Don’t get upset when your translator sends you a translation containing simple writing errors — it could actually be a good sign!
What you’re paying for and the translator’s most important job
The translator’s most important job is to create a decent piece of writing in another language, which is not always as simple as it sounds and always involves more than just replacing words.
To stick faithfully to the original message, translators often have to stray off the path of literal translation, which requires — apart from fully understanding the original — expertise in the target language and the subject matter (which is why translators just about always only translate into their native languages and specialise in certain fields and even types of documents).
They understand the document you give them and know what it should look like in the other language, and the most important thing you’re paying them for is this transformation — the bridging of the linguistic and cultural divide.
Of course, as writing professionals, translators should provide you with an error-free text — free of translation errors but also free of any typos or other simple errors of writing, which I would define as missing words, wrong words, grammatical errors, etc.
However, while translation errors are an indicator of poor quality, writing errors and typos (except spelling mistakes, for which there can be no excuse now spellcheckers are everywhere) shouldn’t be something you get too upset about. It may even be a good sign.
Why might a typo be a good sign?
Why? Because simple errors may indicate the right focus, which has to do with the nature of the translation and creative processes and the translator’s main priority (hopefully, to produce a smooth and effective piece of writing that accurately renders the source text and message).
Let’s look first at the translation process. Mine is more or less as in the text box below, regardless of whether I send it on for extra proofreading (which includes when I collaborate with colleagues or agencies):
While stages 1, 2 and 3 are easily distinguishable, 4 and 5 often cross over as the difference is about focus rather than activity.
Often, for instance, when I think I’ve already taken care of stage 4 and am looking mainly for small errors, I’ll come across a patch that needs rewriting. This is, of course, part of the nature of the creative process; there usually is a bit of trial and error and toing and froing that requires coming back to something you’ve put down earlier.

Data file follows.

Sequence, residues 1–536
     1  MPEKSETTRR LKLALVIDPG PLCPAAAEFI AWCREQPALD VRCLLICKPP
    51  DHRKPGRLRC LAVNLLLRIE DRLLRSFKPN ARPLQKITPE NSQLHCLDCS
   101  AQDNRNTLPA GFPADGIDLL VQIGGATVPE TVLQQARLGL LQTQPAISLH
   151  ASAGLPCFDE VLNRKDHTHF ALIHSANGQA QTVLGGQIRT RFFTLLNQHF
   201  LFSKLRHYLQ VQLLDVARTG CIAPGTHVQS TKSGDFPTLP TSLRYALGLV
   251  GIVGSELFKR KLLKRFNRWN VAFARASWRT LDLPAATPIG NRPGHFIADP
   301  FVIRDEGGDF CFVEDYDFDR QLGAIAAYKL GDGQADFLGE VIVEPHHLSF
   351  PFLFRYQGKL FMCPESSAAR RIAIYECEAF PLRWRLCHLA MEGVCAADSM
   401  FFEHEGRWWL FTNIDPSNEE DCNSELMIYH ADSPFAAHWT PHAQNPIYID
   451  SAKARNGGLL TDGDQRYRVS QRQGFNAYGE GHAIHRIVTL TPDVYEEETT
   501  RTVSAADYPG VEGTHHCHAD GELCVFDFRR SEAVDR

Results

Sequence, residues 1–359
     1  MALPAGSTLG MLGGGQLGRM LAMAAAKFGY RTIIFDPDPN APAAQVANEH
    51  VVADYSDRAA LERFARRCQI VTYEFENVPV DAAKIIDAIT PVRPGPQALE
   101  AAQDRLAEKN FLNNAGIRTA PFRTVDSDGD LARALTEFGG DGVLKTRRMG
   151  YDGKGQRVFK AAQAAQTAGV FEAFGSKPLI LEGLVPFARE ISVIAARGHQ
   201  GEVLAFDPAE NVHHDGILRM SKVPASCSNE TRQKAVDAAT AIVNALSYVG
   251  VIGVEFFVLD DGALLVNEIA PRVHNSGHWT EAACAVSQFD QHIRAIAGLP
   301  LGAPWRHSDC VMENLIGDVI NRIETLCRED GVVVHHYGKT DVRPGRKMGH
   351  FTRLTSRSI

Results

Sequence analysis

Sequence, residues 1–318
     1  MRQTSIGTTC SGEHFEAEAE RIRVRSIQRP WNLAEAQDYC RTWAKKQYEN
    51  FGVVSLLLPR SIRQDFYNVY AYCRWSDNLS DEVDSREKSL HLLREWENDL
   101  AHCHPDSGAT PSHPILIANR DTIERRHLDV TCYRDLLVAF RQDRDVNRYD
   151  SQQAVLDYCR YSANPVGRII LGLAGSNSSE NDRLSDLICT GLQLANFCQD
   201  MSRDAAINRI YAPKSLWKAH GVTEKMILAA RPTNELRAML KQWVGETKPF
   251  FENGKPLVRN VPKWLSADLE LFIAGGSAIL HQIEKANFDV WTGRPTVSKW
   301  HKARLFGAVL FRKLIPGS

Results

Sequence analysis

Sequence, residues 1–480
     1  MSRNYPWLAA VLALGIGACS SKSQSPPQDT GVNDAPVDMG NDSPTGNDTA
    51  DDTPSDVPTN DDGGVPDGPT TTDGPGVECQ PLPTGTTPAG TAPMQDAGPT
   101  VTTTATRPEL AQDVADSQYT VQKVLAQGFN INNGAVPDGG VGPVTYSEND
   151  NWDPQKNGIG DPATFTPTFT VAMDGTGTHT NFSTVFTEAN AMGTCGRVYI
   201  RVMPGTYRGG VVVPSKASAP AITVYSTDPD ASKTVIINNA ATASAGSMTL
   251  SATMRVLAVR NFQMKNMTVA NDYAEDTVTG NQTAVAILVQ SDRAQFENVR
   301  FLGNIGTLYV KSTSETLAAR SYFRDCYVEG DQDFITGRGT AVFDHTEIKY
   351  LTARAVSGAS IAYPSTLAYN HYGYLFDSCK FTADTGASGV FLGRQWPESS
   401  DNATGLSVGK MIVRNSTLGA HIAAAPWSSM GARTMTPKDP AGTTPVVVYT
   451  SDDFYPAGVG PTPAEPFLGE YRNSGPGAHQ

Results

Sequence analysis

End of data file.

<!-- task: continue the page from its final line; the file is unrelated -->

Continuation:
As part of the process, it must be accepted and expected. As you’ll remember, my main priority as a translator is to get the text into target-language shape, so I’ll switch focus and slip back to stage 4 as often as I need to reach that goal of a well-written document.
However, by doing so and making changes at what is ever becoming more last minute, I risk introducing typos and other simple errors of writing. Spelling mistakes will be caught by the spellchecker, but, as the deadline draws nearer, there will be less opportunities to catch other types of errors.
Of course, when time and money are less of an issue, this is less of a problem. I just keep repeating stage 4 until no more major reworking is required, and I have a document ready for stage 5. Under such circumstances, getting a 99% error-free text isn’t a problem.
What’s more important?
We do, though, usually have constraints of time and money. When this is the case, what do you want your translator to focus most on: producing a) a well-written text that doesn’t read like a translation or b) one that’s first and foremost free of typos and other small errors?
If I were the buyer, I’d expect both but insist on the first, which really is the difficult part and the one I might not always be able to fix up afterwards. And if I can fix it up later on, it will usually be more costly than getting rid of small errors of writing, which wouldn’t even be too out of place in authentic texts anyway.
Of course, we’d like to have both a) and b), which is quite often achievable, but I’d suggest there’s always trade-off between one and the other in the translation-revision process. A good translator will get the balance right but should always have a bias towards creating a felicitous text over weeding out typos, which may result in the occasional writing error in an otherwise near-perfect translation in terms of faithfulness and how it reads.
So, don’t get upset with your translator if you find a couple of simple errors of writing in your translation; get mad when you get back something that reads like a wobbly chair.